Gov. Corbett Explains Reasoning Behind NCAA Lawsuit
PITTSBURGH (NewsRadio 1020 KDKA) – On Wednesday, Gov. Tom Corbett announced he was filing a lawsuit on behalf of the state against the NCAA for its sanctions against Penn State University in the wake of the Jerry Sandusky scandal.
Corbett said the state would file an anti-trust lawsuit against the NCAA to have all sanctions against Penn State University removed.
However, it did not take long for people to begin questioning where the lawsuit was coming from based on previous comments Corbett had made at the time the sanctions were announced.
On July 23, Corbett said, “The appalling actions of a few people have brought us once again into the national spotlight. We have taken a monster off the streets and while we will never be able to repair the injury done to these children, we must repair the damage to this university. Part of that corrective process is to accept the serious penalties imposed by the NCAA on Penn State University and its football program.”
Corbett spoke with KD Investigator Marty Griffin on NewsRadio 1020 KDKA Thursday about those comments and what led to the lawsuit.
“What we looked at at the time, my opinion was Penn State belongs to the NCAA. If you belong to an association, you play by the rules of the association. What has changed is we started looking at exactly what the NCAA did. A lot of people came up to me saying the NCAA didn’t have the authority to do this. So, we started taking a look at it. If you look at their bylaws, under their bylaws any punishments are not to be issued by the president. They are to be issued by the infractions and rules committee of the NCAA after a thorough investigation and you I both know the NCAA did no investigation on this,” Corbett said.
Griffin: Is it fair to suggest you changed your mind sir?
Corbett: It grew into a different position than what it was originally because I thought they had been playing by the rules. If the NCAA isn’t playing by the rules, then why do you accept the penalties?
Corbett went on to say that the impact felt by the people of Pennsylvania will be felt for many years even after the sanctions expire.
“The NCAA by not following its own rules has really harmed the people of Pennsylvania, the economic engine that Penn State is. That harm isn’t just today and the four years during the sanctions, but for years thereafter because they are going to harm the overall program for many, many years because of the lack of quality players they will have and you can just look at the total effect it’s going to have on the community and it already has had,” Corbett said.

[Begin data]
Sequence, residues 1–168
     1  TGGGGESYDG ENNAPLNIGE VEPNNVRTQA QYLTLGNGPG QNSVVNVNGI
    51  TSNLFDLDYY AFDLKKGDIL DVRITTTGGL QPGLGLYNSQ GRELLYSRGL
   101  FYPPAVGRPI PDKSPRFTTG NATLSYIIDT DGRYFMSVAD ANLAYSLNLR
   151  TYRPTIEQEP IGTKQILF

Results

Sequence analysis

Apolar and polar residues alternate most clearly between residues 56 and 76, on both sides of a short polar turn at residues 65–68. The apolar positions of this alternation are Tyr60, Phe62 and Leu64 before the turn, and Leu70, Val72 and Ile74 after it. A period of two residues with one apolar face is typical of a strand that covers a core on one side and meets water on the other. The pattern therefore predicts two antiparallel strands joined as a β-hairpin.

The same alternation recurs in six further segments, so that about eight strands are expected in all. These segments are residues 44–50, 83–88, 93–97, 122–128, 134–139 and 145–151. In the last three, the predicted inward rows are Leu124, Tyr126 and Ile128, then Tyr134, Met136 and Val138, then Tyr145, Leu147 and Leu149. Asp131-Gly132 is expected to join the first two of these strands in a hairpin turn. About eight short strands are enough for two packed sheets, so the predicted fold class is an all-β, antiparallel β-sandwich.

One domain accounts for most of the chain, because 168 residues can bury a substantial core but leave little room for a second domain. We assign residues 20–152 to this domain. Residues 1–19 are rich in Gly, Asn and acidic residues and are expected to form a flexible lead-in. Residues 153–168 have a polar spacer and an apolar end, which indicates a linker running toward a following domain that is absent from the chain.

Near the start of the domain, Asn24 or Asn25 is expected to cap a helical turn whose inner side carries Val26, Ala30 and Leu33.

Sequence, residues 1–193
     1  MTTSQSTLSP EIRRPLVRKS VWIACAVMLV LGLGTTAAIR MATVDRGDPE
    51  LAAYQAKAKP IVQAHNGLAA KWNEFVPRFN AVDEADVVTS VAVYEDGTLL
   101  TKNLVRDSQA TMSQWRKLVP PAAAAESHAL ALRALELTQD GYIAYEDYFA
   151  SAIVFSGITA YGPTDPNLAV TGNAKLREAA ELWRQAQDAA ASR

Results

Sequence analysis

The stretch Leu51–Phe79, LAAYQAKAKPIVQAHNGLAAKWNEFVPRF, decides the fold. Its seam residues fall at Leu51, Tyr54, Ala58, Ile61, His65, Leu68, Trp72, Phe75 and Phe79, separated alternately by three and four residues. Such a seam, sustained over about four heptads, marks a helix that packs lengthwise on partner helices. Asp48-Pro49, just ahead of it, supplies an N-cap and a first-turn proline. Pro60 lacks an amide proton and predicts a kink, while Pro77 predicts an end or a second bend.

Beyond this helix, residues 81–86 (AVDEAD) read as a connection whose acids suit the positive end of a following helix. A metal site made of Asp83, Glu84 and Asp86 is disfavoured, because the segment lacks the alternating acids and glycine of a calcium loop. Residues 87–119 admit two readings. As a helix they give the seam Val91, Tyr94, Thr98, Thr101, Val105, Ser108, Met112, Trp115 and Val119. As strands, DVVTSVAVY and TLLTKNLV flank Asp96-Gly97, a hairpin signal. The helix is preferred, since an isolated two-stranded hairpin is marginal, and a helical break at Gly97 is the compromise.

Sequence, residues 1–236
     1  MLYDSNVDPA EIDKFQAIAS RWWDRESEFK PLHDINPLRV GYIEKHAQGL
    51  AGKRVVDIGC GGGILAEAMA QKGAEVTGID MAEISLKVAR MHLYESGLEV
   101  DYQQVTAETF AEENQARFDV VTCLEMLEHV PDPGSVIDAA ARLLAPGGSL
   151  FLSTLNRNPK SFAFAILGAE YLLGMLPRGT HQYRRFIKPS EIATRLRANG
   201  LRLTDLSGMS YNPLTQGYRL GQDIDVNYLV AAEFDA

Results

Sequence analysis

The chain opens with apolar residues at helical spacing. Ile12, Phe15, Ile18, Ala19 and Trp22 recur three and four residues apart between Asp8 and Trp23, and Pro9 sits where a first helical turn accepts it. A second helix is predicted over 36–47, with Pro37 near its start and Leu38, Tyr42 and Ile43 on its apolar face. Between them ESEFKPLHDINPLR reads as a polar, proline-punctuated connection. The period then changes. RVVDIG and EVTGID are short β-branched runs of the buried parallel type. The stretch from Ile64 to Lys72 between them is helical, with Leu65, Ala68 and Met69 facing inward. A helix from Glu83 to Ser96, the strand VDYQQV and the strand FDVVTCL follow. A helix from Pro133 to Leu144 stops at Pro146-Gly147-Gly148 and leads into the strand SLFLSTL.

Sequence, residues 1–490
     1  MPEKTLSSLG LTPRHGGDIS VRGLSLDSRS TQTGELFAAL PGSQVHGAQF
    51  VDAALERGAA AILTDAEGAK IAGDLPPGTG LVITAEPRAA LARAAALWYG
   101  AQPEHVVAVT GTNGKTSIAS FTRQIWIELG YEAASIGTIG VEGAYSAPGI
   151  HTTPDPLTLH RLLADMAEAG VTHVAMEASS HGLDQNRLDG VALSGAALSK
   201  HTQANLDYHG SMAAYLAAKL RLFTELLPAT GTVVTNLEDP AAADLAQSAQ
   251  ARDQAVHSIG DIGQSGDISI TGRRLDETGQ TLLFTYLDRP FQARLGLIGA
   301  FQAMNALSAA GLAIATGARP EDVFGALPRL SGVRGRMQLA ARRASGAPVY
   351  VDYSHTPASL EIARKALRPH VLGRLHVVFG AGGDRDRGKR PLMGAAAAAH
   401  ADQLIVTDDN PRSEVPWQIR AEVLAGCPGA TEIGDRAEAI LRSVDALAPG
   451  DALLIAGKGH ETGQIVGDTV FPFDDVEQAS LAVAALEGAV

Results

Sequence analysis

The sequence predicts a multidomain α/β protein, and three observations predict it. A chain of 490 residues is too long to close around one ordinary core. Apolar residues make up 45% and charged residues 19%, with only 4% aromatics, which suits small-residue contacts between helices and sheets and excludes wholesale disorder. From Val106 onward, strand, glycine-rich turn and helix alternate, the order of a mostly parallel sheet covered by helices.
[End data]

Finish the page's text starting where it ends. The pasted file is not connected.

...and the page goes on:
Griffin: How has it had an effect on the community? Their games are sold out, the restaurants are packed, I have family that go there. It’s a crazy engine that keeps moving and why should the governor in whether or not a diner sells omelets on Saturday?
Corbett: In this case, if you talk to the people of central Pennsylvania, they will tell you and we had many of them with us there, the businesses they saw a drop off in attendance during football weekends. They saw a drop off of business activities there during that period of time and they continued to see that drop off. We’ve talked to the Chamber of Commerce, they’re working on a study that believe will show that drop off.
Griffin: The history of your success is immeasurable. So, that being said, it would be slightly naïve for me not to believe you’re sitting on the board, you’re an attorney, you’re a bright man, you have more information than anyone I’ve ever know and you don’t think when they approved these sanctions and you’re on the board. So, you’re one of the people who said, ‘Okay let’s accept these sanctions.’ At the time, you didn’t think there was a problem here and suddenly you had an epiphany, sir, that there was a problem. That’s what stings with a lot of people.
Corbett: I’m not going to be able to change people’s opinions on that as I did not know the NCAA was not following their rules at the time this was going forward. They were presented with these sanctions. We do need to heal up there. Penn state has been doing a great job going through the healing process.
Some have speculated that this lawsuit is a measure of damage control being taken by Corbett.
“That is not the case as far as I’m concerned,” Corbett said.
Griffin: You have never let politics or pressure from other suggesting Penn State got shafted here apply in your decision?
Corbett: I’m [going to] have a hard time convincing anyone otherwise, but I know why I made this decision and it’s because I believe it’s in the best interest of Pennsylvania and I believe it’s in the best interest of the past, present and future students and athletes at Penn State University.
Griffin: For folks that suggest that Penn state has already been beat up enough and felt enough pain and that this just exacerbates it and drags it on for several more years, what do you say governor?
Corbett: I can’t deal with what everybody else is going to say out there about how long this is going to go. I made an effort trying to bring this to a conclusion, trying to bring the NCAA in line with their own guidelines and their own rules and regulations.
Listen to the full interview here: